15.12, “in full flattened contrast, enhanced 3% (produced at Megavision laboratory)”, and that is the reproduction on which my drawing is based (
Several other pictures and drawings of the inscription appear on the Qeiyafa website: , “The Ostracon from the Days of David Found at Khirbet Qeiyafa,” Tyndale Bulletin 62.1 (2011), 1-13.
Millard (6-7) conveniently summarizes the observations made by specialists who preceded him in this endeavour: Haggai Misgav accepts it as a Hebrew text, a message with continuity of meaning, not a set of unconnected words; Aaron Demsky supposes it is a scribal exercise, a list of words; Shmuel Ahituv also thinks it is a practice text; Ada Yardeni considers that it is possibly Hebrew and perhaps a list; Gershon Galil finds in it a social statement, instructions relating to slaves, widows, orphans, and aliens; Émile Puech recognizes a similar situation, and highlights the institution of kingship, as does William Shea; Millard thin it is a list of personal names, and invokes Judges (a list of the names of 77 men).'A ('alp "ox", 'Aleph, Alpha) shows three variants (all are among the examples from other sources on my table of signs, below and here): at the end of line 1 and in the middle of line 2 we can see the ox-head with its horns; the first letter in the top line has the head reclining; at the beginning of line 4 (and 5, apparently) the head is completely inverted like the Greek Alpha and Roman A; the total number is 5.
B (bayt "house", Beth, Beta) was originally square, representing a house with a doorway; here it is almost triangular with a projection curling round and downwards at the top on the right; there is one such B under the protruding part of the sherd, in line 1; then there is the sixth character in line 2; beneath that one, in line 3, is yet another B; a fairly clear B is located towards the middle of the bottom line; ; in the apparently empty space below line 5, at the beginning of a possible 6th line, a clear but ghostly white B is visible; total at least 7.
Note that in line 1, for example, dots (middle and end of the line) are the remains of letters, and are not to be regarded as punctuation marks.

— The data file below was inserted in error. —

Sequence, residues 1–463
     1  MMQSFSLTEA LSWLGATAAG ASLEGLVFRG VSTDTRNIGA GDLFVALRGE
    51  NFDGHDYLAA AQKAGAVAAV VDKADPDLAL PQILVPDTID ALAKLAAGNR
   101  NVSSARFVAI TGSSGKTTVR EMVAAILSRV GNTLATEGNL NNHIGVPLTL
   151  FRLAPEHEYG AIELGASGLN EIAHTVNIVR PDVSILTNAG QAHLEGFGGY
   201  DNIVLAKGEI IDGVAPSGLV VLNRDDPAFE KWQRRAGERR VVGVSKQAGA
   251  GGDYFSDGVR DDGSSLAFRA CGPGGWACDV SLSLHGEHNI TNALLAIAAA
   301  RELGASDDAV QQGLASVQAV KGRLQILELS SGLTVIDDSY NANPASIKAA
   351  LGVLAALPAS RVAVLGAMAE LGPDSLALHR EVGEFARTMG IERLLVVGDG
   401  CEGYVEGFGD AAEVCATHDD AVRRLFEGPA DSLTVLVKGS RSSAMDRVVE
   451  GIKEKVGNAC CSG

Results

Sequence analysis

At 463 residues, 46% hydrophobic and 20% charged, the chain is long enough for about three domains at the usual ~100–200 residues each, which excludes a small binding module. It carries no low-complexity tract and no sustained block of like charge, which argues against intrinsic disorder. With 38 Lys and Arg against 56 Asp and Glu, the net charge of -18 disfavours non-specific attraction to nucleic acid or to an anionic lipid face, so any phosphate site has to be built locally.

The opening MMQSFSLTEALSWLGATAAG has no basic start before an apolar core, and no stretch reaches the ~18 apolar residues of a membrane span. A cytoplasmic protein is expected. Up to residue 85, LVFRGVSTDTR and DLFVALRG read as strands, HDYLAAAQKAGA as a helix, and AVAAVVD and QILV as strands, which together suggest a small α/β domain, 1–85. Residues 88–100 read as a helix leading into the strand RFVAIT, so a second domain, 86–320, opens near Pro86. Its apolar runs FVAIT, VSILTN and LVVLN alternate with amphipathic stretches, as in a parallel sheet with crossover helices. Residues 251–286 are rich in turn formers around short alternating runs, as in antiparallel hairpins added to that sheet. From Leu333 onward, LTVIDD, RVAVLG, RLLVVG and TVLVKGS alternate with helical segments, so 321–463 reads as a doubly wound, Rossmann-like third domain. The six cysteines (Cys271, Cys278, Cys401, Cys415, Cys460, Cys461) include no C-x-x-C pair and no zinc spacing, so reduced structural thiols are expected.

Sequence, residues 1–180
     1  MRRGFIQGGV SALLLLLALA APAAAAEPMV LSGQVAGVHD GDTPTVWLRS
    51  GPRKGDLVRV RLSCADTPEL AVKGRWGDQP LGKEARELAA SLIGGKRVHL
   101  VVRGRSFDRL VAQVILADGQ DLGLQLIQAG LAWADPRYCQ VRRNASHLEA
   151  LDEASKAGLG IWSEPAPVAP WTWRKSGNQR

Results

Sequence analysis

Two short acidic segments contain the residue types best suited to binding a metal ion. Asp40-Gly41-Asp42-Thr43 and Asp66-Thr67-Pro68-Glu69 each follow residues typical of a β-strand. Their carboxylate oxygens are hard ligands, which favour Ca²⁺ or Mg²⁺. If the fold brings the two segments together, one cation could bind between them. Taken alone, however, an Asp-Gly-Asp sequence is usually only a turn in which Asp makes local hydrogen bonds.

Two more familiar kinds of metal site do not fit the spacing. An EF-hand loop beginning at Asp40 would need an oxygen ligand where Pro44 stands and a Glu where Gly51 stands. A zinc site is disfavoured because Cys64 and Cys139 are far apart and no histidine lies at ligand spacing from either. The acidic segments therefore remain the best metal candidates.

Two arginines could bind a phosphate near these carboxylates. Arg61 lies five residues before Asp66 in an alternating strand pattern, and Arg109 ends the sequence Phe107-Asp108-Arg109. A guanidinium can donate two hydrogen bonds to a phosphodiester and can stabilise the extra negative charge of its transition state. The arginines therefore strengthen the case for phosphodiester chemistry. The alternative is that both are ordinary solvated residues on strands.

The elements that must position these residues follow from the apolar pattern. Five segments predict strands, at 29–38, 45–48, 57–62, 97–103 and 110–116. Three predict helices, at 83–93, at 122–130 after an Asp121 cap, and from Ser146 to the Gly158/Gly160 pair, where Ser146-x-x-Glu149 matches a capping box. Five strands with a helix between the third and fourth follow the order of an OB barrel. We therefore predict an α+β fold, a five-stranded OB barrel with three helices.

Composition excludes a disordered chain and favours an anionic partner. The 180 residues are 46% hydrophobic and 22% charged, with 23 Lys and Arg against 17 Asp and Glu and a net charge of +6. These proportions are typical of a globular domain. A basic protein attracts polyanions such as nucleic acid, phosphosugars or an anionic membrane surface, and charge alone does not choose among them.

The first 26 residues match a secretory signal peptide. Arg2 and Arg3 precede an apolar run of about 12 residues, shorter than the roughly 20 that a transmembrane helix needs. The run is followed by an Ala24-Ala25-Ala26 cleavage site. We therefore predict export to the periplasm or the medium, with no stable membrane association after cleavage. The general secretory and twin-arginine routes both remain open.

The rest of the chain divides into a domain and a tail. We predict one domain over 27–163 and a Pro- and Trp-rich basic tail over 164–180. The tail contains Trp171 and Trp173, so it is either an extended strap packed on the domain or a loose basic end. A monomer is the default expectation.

The basic source for this research is Yosef Garfinkel and Saar Ganor (eds.) Khirbet Qeiyafa Vol. 47-66) on the identification of Khirbet Qeiyafa as Sha‘arayim; Chapter 14 (by the epigraphist Haggai Misgav and the editors, pp.
L (Lamed, Lambda) was a shepherd's crook (perhaps also a rope for tethering animals); there are three kinds of L in this document; (1) an inverted crook (an attested stance for this letter) follows the inverted G at the beginning of line 3; (2) the coiled type, shaped like a 6, is found in line 3 (centre); (3) its opposite appears above it in line 2, like a reversed 6; another L of type 2, looking like 6 or G, stands near the end of line 4; the second sign in line 1 may be a another G-shaped L, truncated by damage to the top of the shard, or else an inverted crook with its stem broken off (as with the damaged Taw and `ayin which follow it); the residue of a smaller version of uncertain shape appears at the other end of the line, next to the ox-head; in the bottom line there is a gap after Y, with ink marks showing, possibly L; total 7.
M (maym, mu, running water or falling water, Mem, Mu) has a vertical stance in all cases, not the horizontal set of waves which will become Greco-Roman M; the obvious examples are in line 2 (1x), line 4 (3x), line 5, third letter, and another below the M in the middle of line 4 and above the D in line 5, which has taken a depressed position to make room for the M; it is possible that the three dots at the end of the top line of writing are the remains of a Mem, rather than punctuation marks; there are dots and traces of M at the beginning and end of line 3; total 8.G (gaml, Gimel, Gamma) was a boomerang, or throw-stick; one example, uncharacteristically inverted, appears at the start of line 3; total 1.D (dalt "door", Daleth, Delta) was a door with a post, and sometimes with panels; like B it became more triangular; there is an example in the top line, standing between B and 'Aleph; another one can be reconstructed from dots between B and 'Aleph (in the same sequence of signs as in line 1, `bd); two instances in line 3, on either side of W, with the first being like a reversed D, presumably the same as the ones in lines 1 and 2, and the other is a triangle, like the example in the middle of line 5; the one in line 4 is like an oblique Roman D ; in line 5 the second D is also oblique, like the one above it in line 4.At the beginning of line 2 is a vertical example (like Sigma), and towards the end of the line a horizontal form (W-shaped) which became the standard Shin ("tooth"! T (taw "mark, signature", Taw, Tau) has always been a cross ( or x); one example stands near the end of the inscription; another is in the third position at the top; there is another possible case of T between L and B in line 3 (above Y); there is a faint possibility at the start of line 3; total 4.To test whether the occurrences of each letter in this text are commensurate with their relative frequency in a typical Classical Hebrew document, a comparison has been made with Psalm 18 (17 of the 51 verses), which is attributed to "the servant of YHWH, David".N ("snake", Nun, Nu) was clearly a snake, sometimes a cobra, sometimes a viper, but the erect cobra was the victor; a clear case is lurking in line 4; an unclear example is possible towards the end of line 3, beneath the triangular D; and in line 1, the fifth letter is N (it might be an instance of Shin, like the one at the start of line 2, but the top curve is missing here); total 3.